The title of this blog really should be “why you should tell your family law attorney everything, before he finds out from opposing counsel or in front of a judge in the middle of a trial”, but we thought that would be too long a title to fit nicely in the heading. Sounds crazy, but you would be amazed at how often it happens, and how bad it can be for someone’s case.
In this blog, we will discuss giving as much information about the facts and circumstances relevant to your case to your attorney as possible. Like all of our blogs, this is intended to provide information only and is not intended as a substitute for the advice and counsel of a family law attorney.
Why should I disclose everything to my family law attorney?
Family law usually involves the ending of a close personal relationship. It is usually a spouse who has known you for years and has often lived with you. That person is usually spending a large amount of time telling their attorney about every bad thing you ever did, or thought about doing. They do this with the intent of it being used against you later. To protect yourself, your attorney should have any information that can be used against right away, in order to advise you on how it can be worked around.
Further, you enjoy attorney client confidentiality, so you can trust your attorney to keep things private. Clients do a great job at telling us everything about the opposing party that can be even partially be seen as negative, (a lot of those things never even become relevant), but they tend to do a bad job of disclosing bad facts about themselves.
How surprises have a negative impact on a trial in family court
When a family law case does not end amicably or through a consent order, a trial becomes necessary. During a trial, both parties have the opportunity to testify and that is when information comes that the judge uses to make his or her decision.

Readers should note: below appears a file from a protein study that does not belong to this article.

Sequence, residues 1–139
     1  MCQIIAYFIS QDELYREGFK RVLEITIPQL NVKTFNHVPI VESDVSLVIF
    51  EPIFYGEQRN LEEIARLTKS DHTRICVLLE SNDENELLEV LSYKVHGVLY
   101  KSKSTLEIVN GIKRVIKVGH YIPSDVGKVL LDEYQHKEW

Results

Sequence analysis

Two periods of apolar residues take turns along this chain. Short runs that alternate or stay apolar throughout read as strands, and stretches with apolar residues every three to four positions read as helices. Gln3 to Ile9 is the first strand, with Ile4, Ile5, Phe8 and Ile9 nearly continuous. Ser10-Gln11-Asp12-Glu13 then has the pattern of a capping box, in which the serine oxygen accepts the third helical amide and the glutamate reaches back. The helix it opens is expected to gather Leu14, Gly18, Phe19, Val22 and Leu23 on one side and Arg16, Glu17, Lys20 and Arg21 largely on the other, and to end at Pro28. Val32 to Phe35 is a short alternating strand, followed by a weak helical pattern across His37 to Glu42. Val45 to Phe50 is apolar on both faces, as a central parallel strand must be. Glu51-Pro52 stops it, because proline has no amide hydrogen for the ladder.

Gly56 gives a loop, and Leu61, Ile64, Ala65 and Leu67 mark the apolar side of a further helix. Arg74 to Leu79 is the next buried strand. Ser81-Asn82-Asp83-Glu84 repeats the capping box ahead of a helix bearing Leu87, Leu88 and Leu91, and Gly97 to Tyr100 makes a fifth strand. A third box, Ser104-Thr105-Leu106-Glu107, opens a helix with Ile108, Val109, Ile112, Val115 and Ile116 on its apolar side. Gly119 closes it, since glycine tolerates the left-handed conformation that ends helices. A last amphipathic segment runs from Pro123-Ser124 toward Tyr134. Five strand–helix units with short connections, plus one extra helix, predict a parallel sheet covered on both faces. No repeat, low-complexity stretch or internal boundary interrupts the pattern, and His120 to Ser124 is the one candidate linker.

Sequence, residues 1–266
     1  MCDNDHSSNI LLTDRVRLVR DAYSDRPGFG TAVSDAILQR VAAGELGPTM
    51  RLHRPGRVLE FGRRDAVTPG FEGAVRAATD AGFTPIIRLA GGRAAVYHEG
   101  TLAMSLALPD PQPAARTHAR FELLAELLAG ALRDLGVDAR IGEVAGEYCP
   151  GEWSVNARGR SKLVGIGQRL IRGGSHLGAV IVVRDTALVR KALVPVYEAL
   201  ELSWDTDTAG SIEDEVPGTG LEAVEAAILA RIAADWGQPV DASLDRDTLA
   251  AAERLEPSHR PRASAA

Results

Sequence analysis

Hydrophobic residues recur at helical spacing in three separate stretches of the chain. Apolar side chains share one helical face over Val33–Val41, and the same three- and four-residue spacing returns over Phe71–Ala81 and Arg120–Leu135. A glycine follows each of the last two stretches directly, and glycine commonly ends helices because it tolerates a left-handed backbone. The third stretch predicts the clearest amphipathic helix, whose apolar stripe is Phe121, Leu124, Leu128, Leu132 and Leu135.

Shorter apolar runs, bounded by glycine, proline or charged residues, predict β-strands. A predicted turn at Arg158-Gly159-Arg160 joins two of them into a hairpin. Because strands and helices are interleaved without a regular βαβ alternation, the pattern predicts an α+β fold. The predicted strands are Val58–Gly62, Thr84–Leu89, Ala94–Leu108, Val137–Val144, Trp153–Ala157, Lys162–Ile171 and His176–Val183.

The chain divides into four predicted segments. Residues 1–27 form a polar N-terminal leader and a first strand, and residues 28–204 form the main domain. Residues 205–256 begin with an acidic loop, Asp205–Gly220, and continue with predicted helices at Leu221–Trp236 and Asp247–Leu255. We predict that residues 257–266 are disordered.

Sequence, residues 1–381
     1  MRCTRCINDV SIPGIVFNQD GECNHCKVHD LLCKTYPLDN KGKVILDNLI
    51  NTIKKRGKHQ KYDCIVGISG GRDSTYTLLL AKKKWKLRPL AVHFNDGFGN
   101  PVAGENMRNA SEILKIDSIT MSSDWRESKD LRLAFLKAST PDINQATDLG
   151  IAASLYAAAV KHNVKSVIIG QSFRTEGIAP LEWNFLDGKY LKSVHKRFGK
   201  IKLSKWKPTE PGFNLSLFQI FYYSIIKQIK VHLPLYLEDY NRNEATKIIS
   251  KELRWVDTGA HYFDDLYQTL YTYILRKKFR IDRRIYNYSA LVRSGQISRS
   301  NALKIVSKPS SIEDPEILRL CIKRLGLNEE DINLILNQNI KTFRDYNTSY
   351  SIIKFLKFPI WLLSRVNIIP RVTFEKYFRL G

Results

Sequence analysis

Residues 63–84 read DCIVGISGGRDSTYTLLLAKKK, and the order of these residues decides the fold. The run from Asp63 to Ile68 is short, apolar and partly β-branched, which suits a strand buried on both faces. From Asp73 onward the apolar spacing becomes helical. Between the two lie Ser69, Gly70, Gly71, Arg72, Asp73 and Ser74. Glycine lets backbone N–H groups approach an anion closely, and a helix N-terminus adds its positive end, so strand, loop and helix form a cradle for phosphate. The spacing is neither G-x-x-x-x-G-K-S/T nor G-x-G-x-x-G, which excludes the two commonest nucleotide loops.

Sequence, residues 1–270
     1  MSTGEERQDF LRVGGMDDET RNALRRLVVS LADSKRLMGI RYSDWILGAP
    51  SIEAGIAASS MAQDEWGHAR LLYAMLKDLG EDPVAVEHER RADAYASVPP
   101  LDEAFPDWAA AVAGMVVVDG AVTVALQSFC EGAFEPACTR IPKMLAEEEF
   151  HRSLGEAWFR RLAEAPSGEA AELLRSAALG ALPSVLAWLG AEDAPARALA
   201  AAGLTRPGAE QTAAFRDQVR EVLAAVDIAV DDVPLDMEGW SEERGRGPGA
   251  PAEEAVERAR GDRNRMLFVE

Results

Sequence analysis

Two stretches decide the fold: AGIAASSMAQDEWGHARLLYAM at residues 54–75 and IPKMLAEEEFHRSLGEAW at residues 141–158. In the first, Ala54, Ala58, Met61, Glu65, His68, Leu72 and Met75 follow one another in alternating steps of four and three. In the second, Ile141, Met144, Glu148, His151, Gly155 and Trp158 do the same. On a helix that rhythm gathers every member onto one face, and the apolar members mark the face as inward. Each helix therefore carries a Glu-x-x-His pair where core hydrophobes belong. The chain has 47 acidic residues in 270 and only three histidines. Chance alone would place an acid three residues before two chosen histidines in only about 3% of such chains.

In a child custody trial, for example, the parties often talk about the concerns that they have about the other parent and why they may think that the other parent is unfit. This can include information about past behavior, drug use, criminal behavior, domestic violence, and several other items. If your attorney knows about these things from the beginning, they will be more prepared to explain them than if your attorney is blindsided by this information.
The judge wants to do what is in the best interest of the child, and if your attorney can show some sort of plan of action for any negative items, it would go a long way towards helping you.
Do yourself a favor and give your family law attorney every relevant piece of information he or she may need to help you, and answer all of his or her questions honestly.
If you are in need of a family law attorney, contact us. We handle family law cases in Charlotte, NC and the surrounding areas.